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Simplify ARRS guidance and address confusion around roles, report warns

NHS England should ‘simplify’ guidance and address common misunderstandings around the Additional Roles Reimbursement Scheme (ARRS), according to Dr Claire Fuller’s report on integrating general practice with other NHS services.

The report, which was published on 26 May, was commissioned by NHSE to assess how Integrated Care Systems (ICSs) and primary care could better work together.

Dr Fuller, who is a GP and chief executive of an ICS in Surrey, said that some local networks have not been able to make use of the scheme due to several reasons including lack of capacity for supervision, inadequate space in practices, lack of expertise on organisational development and confusion around the purpose of some roles.

She added that NHSE should simplify guidance around this scheme and address common misunderstandings.

Dr Fuller also called on NHSE to consider ‘further flexibilities’ that could be introduced to support recruitment in the short term and look at what will happen to the ARRS scheme after it reaches its current target of 26,000 staff by 2024.

She said: ‘We do not just need to attract new staff into primary care; we need to create the backdrop that allows their roles to be reimagined and made more flexible and attractive – ultimately supporting increased participation and retention in primary care.’

The report called for the development of innovative employment models such as joint appointments and rotational models which ‘promote collaboration’ rather than competition between employers.

It was also put forward that the NHS staff survey be rolled out to primary care ‘as soon as funding permits’ in order to allow for greater listening to staff to improve the experience of working in primary care.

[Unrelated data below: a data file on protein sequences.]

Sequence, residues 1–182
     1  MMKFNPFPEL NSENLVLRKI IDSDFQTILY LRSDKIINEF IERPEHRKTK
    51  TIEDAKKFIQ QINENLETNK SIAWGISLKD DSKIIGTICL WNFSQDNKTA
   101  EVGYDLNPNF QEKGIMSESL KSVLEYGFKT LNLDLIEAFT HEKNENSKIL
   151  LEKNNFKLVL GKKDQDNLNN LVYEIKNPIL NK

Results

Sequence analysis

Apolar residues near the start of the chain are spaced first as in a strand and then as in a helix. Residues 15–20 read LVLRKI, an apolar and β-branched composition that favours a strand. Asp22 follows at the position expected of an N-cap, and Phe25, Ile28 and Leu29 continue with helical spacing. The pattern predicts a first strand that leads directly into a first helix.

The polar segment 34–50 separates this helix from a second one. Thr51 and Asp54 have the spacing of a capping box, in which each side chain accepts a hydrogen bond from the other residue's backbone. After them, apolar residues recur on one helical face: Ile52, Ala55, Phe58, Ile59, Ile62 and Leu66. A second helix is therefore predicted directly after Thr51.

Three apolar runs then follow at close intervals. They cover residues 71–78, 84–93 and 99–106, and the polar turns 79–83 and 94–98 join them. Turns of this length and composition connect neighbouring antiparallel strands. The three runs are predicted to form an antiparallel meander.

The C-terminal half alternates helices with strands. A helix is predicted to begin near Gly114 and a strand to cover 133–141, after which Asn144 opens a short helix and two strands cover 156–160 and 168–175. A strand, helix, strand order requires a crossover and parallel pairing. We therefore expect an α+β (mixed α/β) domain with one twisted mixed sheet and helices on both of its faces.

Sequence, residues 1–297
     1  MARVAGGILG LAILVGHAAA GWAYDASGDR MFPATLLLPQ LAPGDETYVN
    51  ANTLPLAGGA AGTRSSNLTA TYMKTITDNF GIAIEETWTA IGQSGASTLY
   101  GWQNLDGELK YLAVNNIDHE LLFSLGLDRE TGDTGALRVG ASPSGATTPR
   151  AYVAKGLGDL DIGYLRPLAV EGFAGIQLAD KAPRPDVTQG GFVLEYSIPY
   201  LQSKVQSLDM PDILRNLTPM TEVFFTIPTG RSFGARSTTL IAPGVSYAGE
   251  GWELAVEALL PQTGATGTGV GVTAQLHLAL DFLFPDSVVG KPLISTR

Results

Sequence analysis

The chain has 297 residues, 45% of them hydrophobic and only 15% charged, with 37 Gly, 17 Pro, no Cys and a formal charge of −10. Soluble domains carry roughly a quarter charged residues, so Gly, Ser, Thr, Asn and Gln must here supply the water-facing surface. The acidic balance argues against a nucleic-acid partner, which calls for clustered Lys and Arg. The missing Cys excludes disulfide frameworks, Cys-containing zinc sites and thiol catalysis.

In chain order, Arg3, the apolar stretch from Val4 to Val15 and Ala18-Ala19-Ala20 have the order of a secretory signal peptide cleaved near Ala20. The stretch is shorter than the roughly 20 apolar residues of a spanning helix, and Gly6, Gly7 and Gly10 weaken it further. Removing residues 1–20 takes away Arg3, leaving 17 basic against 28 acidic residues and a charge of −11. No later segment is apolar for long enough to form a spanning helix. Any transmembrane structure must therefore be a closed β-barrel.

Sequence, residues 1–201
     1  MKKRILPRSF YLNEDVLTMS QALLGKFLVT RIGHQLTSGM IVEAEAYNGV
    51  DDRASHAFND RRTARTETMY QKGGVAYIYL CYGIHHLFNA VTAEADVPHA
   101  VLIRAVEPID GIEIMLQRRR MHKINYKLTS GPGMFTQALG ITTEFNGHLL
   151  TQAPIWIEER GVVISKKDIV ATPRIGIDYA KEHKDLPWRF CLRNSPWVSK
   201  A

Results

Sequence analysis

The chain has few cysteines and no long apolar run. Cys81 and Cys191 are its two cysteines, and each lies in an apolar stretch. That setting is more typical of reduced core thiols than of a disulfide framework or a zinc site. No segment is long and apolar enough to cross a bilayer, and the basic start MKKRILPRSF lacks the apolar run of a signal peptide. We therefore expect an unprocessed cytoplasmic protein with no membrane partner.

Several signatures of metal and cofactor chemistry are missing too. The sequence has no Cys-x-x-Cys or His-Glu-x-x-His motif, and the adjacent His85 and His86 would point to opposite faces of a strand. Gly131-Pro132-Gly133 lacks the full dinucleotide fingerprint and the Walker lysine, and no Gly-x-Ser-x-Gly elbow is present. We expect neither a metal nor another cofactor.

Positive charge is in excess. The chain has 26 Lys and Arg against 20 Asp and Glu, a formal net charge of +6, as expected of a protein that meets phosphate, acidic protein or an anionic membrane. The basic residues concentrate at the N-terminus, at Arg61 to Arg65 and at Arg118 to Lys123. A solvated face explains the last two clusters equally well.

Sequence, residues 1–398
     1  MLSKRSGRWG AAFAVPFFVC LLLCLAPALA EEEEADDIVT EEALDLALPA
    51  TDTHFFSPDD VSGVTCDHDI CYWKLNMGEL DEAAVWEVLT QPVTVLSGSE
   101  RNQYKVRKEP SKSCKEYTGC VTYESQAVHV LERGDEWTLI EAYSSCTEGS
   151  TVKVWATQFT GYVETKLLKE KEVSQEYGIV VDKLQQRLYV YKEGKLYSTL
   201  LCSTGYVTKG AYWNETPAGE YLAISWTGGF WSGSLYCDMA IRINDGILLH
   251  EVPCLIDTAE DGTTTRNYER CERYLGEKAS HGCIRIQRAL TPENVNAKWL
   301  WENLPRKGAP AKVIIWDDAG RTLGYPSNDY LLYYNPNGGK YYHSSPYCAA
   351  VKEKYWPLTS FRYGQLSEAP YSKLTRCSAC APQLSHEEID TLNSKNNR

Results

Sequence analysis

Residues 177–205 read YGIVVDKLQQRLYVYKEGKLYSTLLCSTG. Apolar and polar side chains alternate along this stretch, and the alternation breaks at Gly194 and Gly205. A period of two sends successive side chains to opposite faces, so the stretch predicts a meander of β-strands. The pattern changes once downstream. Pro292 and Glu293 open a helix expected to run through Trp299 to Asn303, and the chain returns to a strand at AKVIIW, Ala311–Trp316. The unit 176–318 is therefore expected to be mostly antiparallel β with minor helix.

Dr Fuller also called for the way that urgent same-day appointments are organised to change, suggesting this should be dealt with by ‘single, urgent care teams’ across larger populations.

She said: ‘We need to enable primary care in every neighbourhood to create single urgent care teams and to offer their patients the care appropriate to them when they pop into their practice, contact the team or book an online appointment.’

To do this, Dr Fuller suggested connecting up ‘currently separate and siloed services’, such as general practice in-hours and extended hours, urgent treatment centres, out-of-hours, urgent community response services, home visiting, community pharmacy, 111 call handling and 111 clinical assessment.

She said work should be done to ‘organise them into a single integrated urgent care pathway in the community that is reliable, streamlined and easier for patients to navigate’.

The report also found that the approach to NHS 111 often resulted in duplication of effort for patients, carers and clinicians, and recommended that NHSE shift its policy towards the service.

A version of this story appeared on our sister title, Management in Practice.